What do Labour and Plaid Cymru agree and disagree on?
After two days of talks, Labour and Plaid Cymru have got a deal.
As a result, Carwyn Jones was reinstated as first minister on Wednesday after Plaid withdrew Leanne Wood as a candidate.
But details of the deal showed the agreement picks up on several areas where the two groups coalesce.
And it makes omissions in places the parties have disagreements - potential fuel for future arguments.
What is the deal?
Labour and Plaid have committed to prioritise work on areas "that enjoy support from across much of the assembly".
- The delivery of new all-age apprenticeships - Plaid has committed to more posts
- Work on a new treatment fund for the NHS
- A plan to increase the numbers of GPs and primary healthcare workers in Wales
All of those areas had some level of consensus in their respective manifestos.
The parties have said they would establish a new National Infrastructure Commission and a Welsh development bank.
Three committees will also be created for joint working on financial, legislative and constitutional matters.
Where do the parties meet?
There was a great deal of consensus between a number of parties on different issues at the election.
Plaid and Labour in particular have similar policies in both their manifestos, including areas which have been included in the deal.
The deal has committed the Welsh Government to prioritise work on apprenticeships, and both parties said they would create more of the posts.
Plaid said it would have created 50,000 extra apprenticeships. Labour, on the other hand, said it would create 100,000 all-age apprenticeships.
Both parties have policies to boost numbers of health care workers in Wales. A signature Plaid policy has been that it will create 1,000 extra doctors and 5,000 more nurses, while Labour has promised action to attract more GPs to Wales.
A new treatment fund was also on the cards from both parties. Plaid said it would establish a £50m New Medicines and Treatments Fund for Wales, while Labour said it would set up an £80m fund.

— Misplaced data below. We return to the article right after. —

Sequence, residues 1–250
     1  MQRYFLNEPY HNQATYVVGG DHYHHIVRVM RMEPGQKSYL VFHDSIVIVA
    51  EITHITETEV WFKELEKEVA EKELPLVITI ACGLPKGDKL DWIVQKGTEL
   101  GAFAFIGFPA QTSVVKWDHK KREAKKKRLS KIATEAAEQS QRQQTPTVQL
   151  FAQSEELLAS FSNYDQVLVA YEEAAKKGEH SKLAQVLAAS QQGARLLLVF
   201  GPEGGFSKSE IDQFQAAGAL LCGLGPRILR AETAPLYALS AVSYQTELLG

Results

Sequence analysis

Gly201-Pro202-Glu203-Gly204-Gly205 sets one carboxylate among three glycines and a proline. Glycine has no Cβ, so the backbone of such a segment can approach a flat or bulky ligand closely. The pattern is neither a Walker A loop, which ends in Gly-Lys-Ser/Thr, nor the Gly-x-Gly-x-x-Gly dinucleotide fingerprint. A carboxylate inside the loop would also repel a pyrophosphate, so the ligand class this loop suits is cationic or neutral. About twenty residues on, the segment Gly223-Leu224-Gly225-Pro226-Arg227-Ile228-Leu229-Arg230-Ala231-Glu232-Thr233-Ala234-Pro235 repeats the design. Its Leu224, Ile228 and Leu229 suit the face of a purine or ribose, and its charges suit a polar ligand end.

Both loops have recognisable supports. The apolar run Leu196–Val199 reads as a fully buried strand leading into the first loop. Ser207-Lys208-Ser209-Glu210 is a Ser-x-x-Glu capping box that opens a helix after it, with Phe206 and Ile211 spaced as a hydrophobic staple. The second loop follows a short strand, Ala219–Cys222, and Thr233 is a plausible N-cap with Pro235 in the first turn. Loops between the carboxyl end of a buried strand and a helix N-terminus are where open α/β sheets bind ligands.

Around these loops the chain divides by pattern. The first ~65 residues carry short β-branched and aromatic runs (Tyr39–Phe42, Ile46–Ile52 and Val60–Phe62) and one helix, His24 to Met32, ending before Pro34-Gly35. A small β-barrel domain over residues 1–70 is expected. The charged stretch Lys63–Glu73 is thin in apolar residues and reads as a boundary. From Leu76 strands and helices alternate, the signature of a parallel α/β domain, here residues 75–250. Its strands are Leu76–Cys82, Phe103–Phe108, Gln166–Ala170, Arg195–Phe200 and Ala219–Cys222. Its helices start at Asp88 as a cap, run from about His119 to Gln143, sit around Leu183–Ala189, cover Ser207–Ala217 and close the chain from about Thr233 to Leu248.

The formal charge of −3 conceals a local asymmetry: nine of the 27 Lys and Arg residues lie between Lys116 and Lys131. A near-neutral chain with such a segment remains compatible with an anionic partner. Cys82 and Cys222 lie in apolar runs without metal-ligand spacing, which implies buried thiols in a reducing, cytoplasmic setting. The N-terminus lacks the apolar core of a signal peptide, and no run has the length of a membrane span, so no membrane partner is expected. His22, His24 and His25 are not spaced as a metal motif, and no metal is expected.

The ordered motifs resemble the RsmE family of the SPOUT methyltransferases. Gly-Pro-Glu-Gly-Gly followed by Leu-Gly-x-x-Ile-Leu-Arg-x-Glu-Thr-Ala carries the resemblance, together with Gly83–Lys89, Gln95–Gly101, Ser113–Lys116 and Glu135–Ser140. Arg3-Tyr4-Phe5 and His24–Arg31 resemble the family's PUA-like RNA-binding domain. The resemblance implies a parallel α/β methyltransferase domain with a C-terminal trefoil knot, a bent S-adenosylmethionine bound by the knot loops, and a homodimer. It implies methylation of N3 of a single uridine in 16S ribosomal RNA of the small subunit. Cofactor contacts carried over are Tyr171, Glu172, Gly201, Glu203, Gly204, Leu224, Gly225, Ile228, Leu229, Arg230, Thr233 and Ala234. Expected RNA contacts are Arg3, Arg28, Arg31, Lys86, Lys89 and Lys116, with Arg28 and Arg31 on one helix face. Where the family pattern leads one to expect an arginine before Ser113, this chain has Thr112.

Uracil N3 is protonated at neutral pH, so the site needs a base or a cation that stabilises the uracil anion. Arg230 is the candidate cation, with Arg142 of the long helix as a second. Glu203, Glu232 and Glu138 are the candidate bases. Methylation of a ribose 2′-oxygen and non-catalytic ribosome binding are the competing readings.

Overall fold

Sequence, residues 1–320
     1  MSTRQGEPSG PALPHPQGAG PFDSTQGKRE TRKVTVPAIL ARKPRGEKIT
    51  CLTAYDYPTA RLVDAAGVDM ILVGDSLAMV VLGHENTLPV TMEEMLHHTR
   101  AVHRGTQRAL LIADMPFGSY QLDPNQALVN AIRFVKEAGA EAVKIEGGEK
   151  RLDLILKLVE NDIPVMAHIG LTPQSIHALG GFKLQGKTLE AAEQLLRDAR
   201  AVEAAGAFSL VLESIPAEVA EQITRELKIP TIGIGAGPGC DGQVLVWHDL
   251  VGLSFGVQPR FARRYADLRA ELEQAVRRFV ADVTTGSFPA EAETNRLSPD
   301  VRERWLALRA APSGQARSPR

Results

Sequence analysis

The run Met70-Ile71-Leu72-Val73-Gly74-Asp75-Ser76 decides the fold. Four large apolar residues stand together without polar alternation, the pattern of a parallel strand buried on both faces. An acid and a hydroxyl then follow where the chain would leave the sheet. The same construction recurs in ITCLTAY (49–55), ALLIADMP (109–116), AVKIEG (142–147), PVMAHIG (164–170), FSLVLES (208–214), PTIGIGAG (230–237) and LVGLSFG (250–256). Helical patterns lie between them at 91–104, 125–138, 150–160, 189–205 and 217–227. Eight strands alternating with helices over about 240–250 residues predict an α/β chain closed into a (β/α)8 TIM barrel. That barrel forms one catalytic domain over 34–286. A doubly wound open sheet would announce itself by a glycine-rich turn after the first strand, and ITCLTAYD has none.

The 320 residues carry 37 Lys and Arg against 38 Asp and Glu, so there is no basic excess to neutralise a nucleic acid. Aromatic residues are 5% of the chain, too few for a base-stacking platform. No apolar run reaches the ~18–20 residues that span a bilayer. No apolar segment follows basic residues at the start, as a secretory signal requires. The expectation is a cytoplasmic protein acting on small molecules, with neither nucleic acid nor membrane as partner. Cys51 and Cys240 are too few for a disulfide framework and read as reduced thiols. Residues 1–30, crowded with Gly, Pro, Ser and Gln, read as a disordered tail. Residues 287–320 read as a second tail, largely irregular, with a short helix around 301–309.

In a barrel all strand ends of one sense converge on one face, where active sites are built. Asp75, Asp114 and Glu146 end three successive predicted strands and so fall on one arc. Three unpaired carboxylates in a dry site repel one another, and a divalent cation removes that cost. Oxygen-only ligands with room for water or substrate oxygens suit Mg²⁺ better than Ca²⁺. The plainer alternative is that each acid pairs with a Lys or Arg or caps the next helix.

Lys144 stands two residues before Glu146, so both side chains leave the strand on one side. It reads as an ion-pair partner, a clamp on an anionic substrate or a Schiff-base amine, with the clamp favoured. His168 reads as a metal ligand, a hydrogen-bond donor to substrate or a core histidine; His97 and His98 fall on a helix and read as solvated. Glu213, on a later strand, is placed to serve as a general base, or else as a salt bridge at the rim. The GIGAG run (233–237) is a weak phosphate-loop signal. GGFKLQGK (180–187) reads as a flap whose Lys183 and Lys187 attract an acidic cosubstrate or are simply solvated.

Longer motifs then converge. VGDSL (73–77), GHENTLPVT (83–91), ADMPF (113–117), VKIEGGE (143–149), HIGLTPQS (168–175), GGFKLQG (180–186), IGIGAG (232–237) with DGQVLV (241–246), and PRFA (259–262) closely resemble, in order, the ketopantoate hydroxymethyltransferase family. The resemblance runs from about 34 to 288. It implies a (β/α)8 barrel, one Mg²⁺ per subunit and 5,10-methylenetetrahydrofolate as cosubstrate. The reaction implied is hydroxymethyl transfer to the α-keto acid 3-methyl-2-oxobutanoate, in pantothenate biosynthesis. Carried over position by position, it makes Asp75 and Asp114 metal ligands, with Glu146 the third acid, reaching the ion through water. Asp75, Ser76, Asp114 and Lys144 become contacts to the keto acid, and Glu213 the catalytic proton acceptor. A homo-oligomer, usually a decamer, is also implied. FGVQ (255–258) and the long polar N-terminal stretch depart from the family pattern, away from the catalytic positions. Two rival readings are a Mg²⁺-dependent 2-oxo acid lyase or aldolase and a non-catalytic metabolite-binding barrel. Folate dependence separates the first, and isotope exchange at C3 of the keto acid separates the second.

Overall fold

Most parties have promised something on childcare.
Labour said it would provide 30 hours free childcare a week for working parents of three and four year olds. Plaid said it would provide full-time early education of 30 hours a week by 2021.
On the economy, both parties promised a new bankto provide finance to Welsh firms. Plaid favours a national bank of Wales. The Labour option is a Welsh development bank.
They have also also pledged action on business rates. Labour has promised a cut for all small firms while Plaid also planned to boost small firms by cutting business rates.
The two parties have also made commitments over a possible smacking ban, although Labour has placed an important proviso on what many would say would amount to a smacking ban.
Plaid said it would introduce legislation to remove the defence of reasonable chastisement.
Labour said it would "seek cross party support" to do the same.
If their policies are similar anyway, what does Plaid get out of it?
The party has said it has achieved agreement on five policies from its nine main manifesto pledges.
Party figures point to the National Infrastructure Commission - an arms-length body which would take a "strategic" approach to Wales' infrastructure and have access to new financial resources - as a significant achievement and something that was not in Labour's manifesto.
But on items like apprenticeships and childcare, where there is significant overlap between the parties, Plaid said it is ensuring Labour consider the issues a priority.
Labour, for its part, got to re-elect a first minister without, it claimed, giving up any of its commitments for government.
Where could there be flashpoints?
The deal does not touch two important for the last Welsh Government, but where consensus proved elusive.
One of those is the M4 Relief Road. Labour's preferred option is to build a black route six lane motorway south of Newport. Plaid wants to instead upgrade existing roads along the lines of Professor Stuart Cole's proposed blue route.
Both parties have had different approaches to the issue of local government reform.Labour has proposed merging Wales' 22 councils to as few eight or nine.
Plaid has suggested keeping the existing council structure and adding regional co-ordinating authorities.
In its 2016 manifesto, Labour did not specify details of which M4 route it would build, or how many councils there would be left, despite its previous commitments on both.
Elsewhere, demands for the single transferable vote at elections have also long been on Plaid's to-do list, but saw no light of day in the deal.
Ms Wood told the chamber on Wednesday there was not time "to consider and negotiate on the most difficult issues" including the M4, detailed measures to save the steel industry, fair voting or student finance.
She said Plaid would return to these and other matters "through the budget and the other vehicles that are available to us".